Time allowance:
    2-3 hours.
    Distance from Tampa: approximately 135 miles (217 kilometers)


    1 Legoland Way, Winter Haven

    Amy Wimmer Schwarb wrote that “The power of LEGO to pass from generation to generation is only one aspect to understand the appeal of these blocks. They are ubiquitous, outnumbering the world population by a ratio of 62 to 1. They are sources of entertainment, occupying the attention of the world's children for about 5 billion hours a year. And they are eternal, attracting legions of adults ... who continue to build with these pieces as a hobby.” In the tradition of Florida’s greatest theme parks, LEGOLAND unites shopping, dining, rides, water park, and hotel into one vacation experience.
    Time allowance:
    full day.
    Distance from Tampa: approximately 54 miles (87 kilometers)

    Florida Southern College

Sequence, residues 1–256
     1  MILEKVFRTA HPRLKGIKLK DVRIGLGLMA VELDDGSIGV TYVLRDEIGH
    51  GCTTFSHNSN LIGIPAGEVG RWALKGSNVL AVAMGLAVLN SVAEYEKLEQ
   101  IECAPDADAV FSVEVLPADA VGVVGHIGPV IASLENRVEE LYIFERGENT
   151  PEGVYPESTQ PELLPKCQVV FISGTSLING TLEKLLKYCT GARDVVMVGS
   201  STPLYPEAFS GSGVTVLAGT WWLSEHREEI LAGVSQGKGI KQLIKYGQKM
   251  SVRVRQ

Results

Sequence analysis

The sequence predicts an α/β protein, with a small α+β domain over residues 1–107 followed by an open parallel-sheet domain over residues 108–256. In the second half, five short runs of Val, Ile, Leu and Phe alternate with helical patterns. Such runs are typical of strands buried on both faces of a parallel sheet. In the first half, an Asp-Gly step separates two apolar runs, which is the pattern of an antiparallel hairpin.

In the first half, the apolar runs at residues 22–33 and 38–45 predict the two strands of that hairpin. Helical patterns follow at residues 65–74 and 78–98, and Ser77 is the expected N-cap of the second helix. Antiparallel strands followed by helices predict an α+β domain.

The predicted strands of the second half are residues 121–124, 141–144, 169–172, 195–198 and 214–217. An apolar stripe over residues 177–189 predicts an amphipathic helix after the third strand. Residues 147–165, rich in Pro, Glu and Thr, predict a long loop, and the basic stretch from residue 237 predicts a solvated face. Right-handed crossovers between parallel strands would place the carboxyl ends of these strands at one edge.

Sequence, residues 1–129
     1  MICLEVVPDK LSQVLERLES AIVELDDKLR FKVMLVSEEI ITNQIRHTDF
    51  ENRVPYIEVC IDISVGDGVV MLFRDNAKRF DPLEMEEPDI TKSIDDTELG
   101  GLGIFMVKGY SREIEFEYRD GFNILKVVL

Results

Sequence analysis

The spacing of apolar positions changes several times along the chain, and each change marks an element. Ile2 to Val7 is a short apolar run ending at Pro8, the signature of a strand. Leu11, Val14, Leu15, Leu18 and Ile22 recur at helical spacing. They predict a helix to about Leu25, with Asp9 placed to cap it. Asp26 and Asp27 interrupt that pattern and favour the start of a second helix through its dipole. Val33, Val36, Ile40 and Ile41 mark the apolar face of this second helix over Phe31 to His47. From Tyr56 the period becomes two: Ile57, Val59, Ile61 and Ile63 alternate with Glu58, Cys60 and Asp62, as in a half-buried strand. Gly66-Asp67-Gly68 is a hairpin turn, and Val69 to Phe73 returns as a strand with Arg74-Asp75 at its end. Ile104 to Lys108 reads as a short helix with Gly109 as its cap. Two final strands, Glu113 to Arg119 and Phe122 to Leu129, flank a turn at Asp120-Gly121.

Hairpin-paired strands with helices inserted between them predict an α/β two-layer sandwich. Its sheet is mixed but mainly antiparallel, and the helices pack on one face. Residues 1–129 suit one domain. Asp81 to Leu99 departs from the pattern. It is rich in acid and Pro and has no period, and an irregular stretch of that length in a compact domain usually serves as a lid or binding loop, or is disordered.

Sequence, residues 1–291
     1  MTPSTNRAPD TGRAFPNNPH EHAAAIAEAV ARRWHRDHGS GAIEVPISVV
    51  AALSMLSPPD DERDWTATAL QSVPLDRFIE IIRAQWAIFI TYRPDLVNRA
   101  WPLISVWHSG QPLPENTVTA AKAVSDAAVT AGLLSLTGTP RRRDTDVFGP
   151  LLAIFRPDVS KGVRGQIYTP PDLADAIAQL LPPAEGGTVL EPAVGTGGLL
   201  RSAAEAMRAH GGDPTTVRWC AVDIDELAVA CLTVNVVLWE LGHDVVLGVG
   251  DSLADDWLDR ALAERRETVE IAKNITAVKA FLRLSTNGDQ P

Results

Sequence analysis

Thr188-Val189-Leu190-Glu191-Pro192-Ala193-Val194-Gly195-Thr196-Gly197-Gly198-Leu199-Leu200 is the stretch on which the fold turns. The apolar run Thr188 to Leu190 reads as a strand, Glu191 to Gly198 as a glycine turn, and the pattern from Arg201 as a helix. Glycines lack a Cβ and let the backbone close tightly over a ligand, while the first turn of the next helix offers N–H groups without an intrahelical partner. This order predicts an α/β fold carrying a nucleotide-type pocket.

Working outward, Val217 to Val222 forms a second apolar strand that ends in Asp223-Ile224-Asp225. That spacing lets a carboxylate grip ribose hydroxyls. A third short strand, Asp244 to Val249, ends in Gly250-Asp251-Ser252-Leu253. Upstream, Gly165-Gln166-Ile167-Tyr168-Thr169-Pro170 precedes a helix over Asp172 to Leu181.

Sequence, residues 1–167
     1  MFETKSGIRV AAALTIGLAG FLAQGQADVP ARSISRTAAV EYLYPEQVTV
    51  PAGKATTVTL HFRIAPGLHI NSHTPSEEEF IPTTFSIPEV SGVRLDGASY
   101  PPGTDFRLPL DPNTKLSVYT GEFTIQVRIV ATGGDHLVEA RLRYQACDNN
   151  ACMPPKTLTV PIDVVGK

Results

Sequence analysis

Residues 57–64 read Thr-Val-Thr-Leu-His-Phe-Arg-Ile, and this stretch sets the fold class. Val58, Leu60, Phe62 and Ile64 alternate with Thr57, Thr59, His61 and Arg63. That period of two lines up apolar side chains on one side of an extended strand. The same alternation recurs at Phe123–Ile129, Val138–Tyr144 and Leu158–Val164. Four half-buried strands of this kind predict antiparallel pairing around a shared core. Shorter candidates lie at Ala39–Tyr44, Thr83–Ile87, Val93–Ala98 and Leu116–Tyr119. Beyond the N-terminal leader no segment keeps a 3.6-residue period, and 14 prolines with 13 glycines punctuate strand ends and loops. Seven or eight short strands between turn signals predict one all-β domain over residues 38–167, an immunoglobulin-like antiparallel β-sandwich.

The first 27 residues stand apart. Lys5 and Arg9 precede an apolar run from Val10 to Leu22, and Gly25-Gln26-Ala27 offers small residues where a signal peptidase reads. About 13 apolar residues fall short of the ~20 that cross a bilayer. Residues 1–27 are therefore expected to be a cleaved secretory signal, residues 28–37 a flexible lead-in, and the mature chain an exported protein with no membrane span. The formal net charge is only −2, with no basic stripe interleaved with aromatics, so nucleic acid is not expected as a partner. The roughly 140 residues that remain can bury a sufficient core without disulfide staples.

111 Lake Hollingsworth Drive, Lakeland

    Wrote Florence Beth Snyder: “The College, founded by the United Methodist Church in 1883, is among the nation’s most beautiful campuses on the strength of its stunning collection of Frank Lloyd Wright architecture. More than a mile of copper-trimmed covered walkway known as the Esplanade connects the Wright buildings constructed between 1941 and 1958 on the 110 acres surrounding Lake Hollingsworth.”
    Time allowance:
    2 hours.
    Distance from Tampa: approximately 35 miles (56 kilometers)

    Winter the Dolphin at Clearwater Marine Aquarium

    Clearwater Marine Aquarium is home to Winter, the tail-less dolphin whose rehabilitation and recovery has inspired two motion pictures.

    - Lara Cerri for VISIT FLORIDA


    The Tampa Bay region, which stars Tampa, St. Petersburg, and Clearwater, can rightfully claim a menu of world-class vacation experiences. Here’s a short list:


    - Busch Gardens in Tampa, a SeaWorld relative, celebrates African wildlife along with stomach-flipping rides. While feeding giraffes on Serengeti Safari, note the foot-long purple tongue.